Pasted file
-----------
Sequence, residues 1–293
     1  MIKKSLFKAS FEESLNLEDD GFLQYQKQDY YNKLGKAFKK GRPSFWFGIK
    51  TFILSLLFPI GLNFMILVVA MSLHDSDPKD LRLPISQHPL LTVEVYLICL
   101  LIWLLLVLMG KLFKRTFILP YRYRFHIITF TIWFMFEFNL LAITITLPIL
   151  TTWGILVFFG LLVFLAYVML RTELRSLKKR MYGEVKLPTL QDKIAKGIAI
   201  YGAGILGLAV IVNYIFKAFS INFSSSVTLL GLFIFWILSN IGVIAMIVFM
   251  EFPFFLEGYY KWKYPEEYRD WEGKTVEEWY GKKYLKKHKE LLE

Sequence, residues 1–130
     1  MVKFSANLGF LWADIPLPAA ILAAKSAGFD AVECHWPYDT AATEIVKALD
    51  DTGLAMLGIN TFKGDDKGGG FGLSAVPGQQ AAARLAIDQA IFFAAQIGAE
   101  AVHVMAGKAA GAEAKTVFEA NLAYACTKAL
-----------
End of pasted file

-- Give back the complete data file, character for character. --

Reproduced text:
Sequence, residues 1–293
     1  MIKKSLFKAS FEESLNLEDD GFLQYQKQDY YNKLGKAFKK GRPSFWFGIK
    51  TFILSLLFPI GLNFMILVVA MSLHDSDPKD LRLPISQHPL LTVEVYLICL
   101  LIWLLLVLMG KLFKRTFILP YRYRFHIITF TIWFMFEFNL LAITITLPIL
   151  TTWGILVFFG LLVFLAYVML RTELRSLKKR MYGEVKLPTL QDKIAKGIAI
   201  YGAGILGLAV IVNYIFKAFS INFSSSVTLL GLFIFWILSN IGVIAMIVFM
   251  EFPFFLEGYY KWKYPEEYRD WEGKTVEEWY GKKYLKKHKE LLE

Sequence, residues 1–130
     1  MVKFSANLGF LWADIPLPAA ILAAKSAGFD AVECHWPYDT AATEIVKALD
    51  DTGLAMLGIN TFKGDDKGGG FGLSAVPGQQ AAARLAIDQA IFFAAQIGAE
   101  AVHVMAGKAA GAEAKTVFEA NLAYACTKAL